In February of 2014 myself and other young Africans in Edmonton founded Diaspora African Youth Association (DAYA) in order to educate and empower African youth to serve and give back to the city that they now call home in Canada. We went on to put countless hours of volunteer across Edmonton on issues related to youth at risk, homelessness, refugees & Migrants, mentorship and championing education. We also hosted our own events which brought community leaders and young people together to talk about the positive contribution of African youth to the society, African history and culture. In February of 2016 I led a delegation of DAYA to the United Nations in New York City for Youth Assembly. We entered in a Social Venture Competition and we were the only Canadian winning team, among three from around the world. We were then received by Permanent Mission of Canada to the United nations by the Ambassador and learned more about United Nations and Canada's role. We had received a grant from the competition and went on to establish a mentorship program called Youth Empowerment and Integration focusing on refugees and migrants youth, education, volunteer and making Edmonton home. In the Summer of that same year I was invited back to the Youth Assembly at United Nations to mentor youth from around the world who were trying to establish their social ventures. One of the groups I mentored were Chinese youth who went on to the next round of the competition. Young people have much to offer to the world. They care about issues that affects them and humanity at large.
At the moment DAYA is no longer active and the last mission we did was in early 2018 when we supported a community organization in Eastern Uganda for the construction of classrooms to educate children. DAYA not only championed education but its members led by example. Some members now hold diplomas, degrees and even a Masters in different fields. Even though the organization is no longer operating, the members continue to give back to their communities through volunteering and their respective employment. We had a strong 5 years run for which we contributed to the transformation of lives and grew along the way whether personally or professionally. I was honored and humbled to serve as the President of the organization throughout. I was challenged and learned a lot from each member and they greatly contributed to my growth. Whether it was at meetings, events, volunteering or the trip to United Nations, I always had the best seat in the house where I witnessed first hand what passionate and determined young people can achieve when united. It was always a pleasure to offer reference letters or over the phone for members applying to schools, jobs or even more volunteering. I didn't receive any financial rewards for my position, but the greatest reward as a leader was seeing members doing well in their respective lives while giving back to the community. I learned what it is like to operate a non-profit organization. No matter where I go or who I become in life, DAYA will forever remain in my heart. We all benefited being part of the organization, and for that, I am forever grateful to have worked with such amazing youth. They were always ready to invest time, energy and always money (we were self-funded) to carry on the mission. #DAYAForever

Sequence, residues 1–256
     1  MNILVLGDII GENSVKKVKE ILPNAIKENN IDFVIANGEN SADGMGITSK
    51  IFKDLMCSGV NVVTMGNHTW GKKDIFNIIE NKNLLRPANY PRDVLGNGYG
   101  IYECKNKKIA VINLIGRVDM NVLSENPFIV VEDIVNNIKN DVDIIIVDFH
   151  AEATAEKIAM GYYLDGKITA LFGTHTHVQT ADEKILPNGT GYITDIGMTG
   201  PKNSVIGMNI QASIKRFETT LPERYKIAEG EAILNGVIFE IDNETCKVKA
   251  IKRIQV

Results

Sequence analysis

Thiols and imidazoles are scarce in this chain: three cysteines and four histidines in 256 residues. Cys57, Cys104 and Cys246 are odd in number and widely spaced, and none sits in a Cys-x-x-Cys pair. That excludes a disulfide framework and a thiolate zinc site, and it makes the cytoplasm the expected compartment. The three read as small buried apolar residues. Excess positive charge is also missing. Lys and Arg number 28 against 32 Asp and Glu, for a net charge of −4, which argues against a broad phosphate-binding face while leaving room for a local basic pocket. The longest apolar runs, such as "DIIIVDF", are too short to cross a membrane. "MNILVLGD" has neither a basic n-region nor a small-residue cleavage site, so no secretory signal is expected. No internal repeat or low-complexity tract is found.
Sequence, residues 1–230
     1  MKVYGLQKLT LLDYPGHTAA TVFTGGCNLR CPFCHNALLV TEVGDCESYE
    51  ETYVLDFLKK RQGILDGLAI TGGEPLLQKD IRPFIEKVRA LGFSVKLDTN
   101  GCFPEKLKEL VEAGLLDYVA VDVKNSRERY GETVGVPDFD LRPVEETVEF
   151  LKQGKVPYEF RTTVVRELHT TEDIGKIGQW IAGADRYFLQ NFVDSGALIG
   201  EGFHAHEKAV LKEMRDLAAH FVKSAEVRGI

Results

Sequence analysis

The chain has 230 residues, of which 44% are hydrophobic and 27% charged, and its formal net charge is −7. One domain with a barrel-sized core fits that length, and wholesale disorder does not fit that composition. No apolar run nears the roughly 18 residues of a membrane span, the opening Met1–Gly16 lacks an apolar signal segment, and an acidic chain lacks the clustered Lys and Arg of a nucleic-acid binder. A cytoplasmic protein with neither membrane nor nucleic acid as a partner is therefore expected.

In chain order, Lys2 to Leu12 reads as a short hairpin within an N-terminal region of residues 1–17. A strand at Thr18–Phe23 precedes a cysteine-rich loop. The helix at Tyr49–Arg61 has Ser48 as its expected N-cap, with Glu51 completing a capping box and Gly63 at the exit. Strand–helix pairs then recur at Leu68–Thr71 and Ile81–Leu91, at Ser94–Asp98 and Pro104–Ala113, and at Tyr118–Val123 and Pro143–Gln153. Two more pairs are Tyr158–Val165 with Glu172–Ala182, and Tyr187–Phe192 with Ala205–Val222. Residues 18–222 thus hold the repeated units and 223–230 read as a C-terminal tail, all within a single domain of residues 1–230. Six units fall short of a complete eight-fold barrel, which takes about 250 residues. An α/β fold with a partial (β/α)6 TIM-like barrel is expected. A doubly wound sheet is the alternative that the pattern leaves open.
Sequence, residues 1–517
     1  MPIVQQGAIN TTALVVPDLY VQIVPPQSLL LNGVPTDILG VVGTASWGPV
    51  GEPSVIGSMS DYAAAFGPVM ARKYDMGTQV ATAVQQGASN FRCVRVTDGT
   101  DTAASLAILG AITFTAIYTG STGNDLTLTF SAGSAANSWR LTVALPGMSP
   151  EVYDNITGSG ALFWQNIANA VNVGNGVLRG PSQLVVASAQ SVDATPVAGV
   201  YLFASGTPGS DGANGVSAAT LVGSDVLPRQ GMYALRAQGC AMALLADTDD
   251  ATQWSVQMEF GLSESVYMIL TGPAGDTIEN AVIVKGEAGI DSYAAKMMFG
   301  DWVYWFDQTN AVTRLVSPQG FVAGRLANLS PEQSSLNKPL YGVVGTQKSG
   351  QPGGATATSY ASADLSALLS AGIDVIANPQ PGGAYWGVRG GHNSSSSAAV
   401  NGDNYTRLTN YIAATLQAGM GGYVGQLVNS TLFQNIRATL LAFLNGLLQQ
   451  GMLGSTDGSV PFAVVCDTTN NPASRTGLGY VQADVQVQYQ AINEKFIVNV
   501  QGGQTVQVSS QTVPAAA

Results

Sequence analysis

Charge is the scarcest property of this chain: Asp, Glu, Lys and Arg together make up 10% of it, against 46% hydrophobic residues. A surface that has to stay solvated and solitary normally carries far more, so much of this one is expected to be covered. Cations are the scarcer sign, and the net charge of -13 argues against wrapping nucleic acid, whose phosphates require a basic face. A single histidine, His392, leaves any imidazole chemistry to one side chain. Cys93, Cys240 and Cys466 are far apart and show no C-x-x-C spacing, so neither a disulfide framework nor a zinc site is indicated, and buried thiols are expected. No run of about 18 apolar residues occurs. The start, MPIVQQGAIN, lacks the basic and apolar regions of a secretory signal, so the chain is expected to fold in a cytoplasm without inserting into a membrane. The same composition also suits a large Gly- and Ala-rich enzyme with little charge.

DAYA members hard at work in the kitchen preparing breakfast for youth at risk from Youth Empowerment & Support Services (YESS) organization on Dec 26, 2015. Also, in December of 2015 and 2016, we held a clothes drive where we asked family and friends for clothes and dropped them to YESS.
This was one of our events which was held at Northern Alberta Institute of Technology in partnership with Canadian Roots Exchange. We brought a leader from African community to talk about African history and culture and also brought one from Indigenous community to talk about their history and culture. This was done in order to educate and bring together the respective communities to build a safe, strong and prosper Canada.